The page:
Friday, June 29, 2012

The Humor in Business: How Does Improv Relate to Startups?

When the word “improv” comes to mind, you may think silly, raucous and spontaneous. But these are the exactly words that should come to mind.  Modern day improv started in Chicago by jobless actors who didn’t have parts, but still wanted to perform.  But improv’s roots go all the way back to the days of Commedia dell'Arte, a form of theater characterized by masked "types" which began in Italy in the 16th century.

But how does all of this relate to business and entrepreneurship?  When you sit down and think about it, improv and business don’t really go hand-in-hand. But the rules of improve, on the other hand, do. The funny scenes that take place on an improv stage are all created either from a suggestion from the audience or sometimes, out of thin air. The performers on stage are very funny people, but the rules are what help them create. These same rules can be applied to business and everyday life.  In the long run, these rules will help you grab a hold of opportunities and think big! So without further ado, here are five rules of improv that will make you a better businessperson:
  1. Don’t Deny: Keep an open mind at all times. When a problem comes along, accept the fact that it happened and approach it head-on. In improve, this is often referred to “Yes, and…”. When you refuse what has dealt to you, success and chances for creativity come to a grinding halt.
  2. The Rules of Question-Asking: When doing an improv scene, you may ask your partner an open-ended question.  This usually makes your partner stop what they’re doing and think of a witty answer.  Usually, this wastes time and hinders creativity. But how can “avoiding questions relate to entrepreneurship?”  Keep in mind that questions are important, but coming to quick, on-the-fly, smart answers on your own will most benefit you and help you learn.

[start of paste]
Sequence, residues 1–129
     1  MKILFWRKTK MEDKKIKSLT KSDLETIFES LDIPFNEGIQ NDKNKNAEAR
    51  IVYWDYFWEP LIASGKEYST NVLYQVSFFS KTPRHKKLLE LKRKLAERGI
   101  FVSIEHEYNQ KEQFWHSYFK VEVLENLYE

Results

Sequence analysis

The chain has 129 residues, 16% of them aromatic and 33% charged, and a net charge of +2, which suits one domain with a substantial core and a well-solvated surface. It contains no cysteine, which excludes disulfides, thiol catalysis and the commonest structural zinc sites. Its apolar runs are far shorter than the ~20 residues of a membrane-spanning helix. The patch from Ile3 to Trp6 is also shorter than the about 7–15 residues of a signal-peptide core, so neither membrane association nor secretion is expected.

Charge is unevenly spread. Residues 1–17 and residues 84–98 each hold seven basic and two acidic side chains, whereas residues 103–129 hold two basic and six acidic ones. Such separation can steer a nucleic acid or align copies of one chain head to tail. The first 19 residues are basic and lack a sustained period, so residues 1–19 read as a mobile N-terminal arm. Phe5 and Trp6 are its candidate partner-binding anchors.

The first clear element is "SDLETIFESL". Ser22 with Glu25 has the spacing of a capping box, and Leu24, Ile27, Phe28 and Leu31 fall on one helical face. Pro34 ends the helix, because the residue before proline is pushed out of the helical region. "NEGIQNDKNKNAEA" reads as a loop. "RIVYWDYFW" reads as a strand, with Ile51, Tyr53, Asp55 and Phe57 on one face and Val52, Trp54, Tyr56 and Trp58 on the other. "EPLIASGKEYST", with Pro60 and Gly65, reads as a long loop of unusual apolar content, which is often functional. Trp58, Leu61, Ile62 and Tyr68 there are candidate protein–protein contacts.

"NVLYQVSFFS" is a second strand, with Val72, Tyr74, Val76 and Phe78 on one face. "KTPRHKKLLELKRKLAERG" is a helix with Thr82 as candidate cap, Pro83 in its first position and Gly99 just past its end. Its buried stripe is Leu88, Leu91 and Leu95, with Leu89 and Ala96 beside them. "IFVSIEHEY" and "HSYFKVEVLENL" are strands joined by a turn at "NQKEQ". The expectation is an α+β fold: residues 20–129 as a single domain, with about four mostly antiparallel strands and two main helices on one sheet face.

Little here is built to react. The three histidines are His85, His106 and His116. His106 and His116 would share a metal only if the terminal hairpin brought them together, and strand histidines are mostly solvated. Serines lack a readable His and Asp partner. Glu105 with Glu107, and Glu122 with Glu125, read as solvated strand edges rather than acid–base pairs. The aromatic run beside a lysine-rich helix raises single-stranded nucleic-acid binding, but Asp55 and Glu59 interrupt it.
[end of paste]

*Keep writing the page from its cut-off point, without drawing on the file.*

3. Listen: While an improv scene is getting started, a lot of information is given so the performer can figure out who they are to one another, where they are and what’s going on. In everyday conversation, people are often planning ahead rather than really listening.  At work it's easy to be distracted by computer, Blackberries and iPhones. Focused listening is a crucial skill for both performers and entrepreneurs. 
  4. Share your ideas: if one performer is doing all the heavy lifting and only throwing out their own ideas they’d be better of just doing stand-up. When collaborating with others you have to contribute if you want things to go where you want them to. The goal is the ability to reach a group mind where ideas are free flowing but within the same realm.
  5. Read people like a book: The way your partner is carrying themselves will give you clues to where you are and who you are to them. Eye contact is essential. In the workplace it's important to pay attention to body language. Even on the phone you can pick up clues as to how the other person feels. It’s not what they say it’s how they say it.
Improv is all about keeping your mind open to new ideas and working with others, with the ultimate goal of being funny and entertaining your audience. When done in business the goal is success. No one ever said you can’t laugh along the way.

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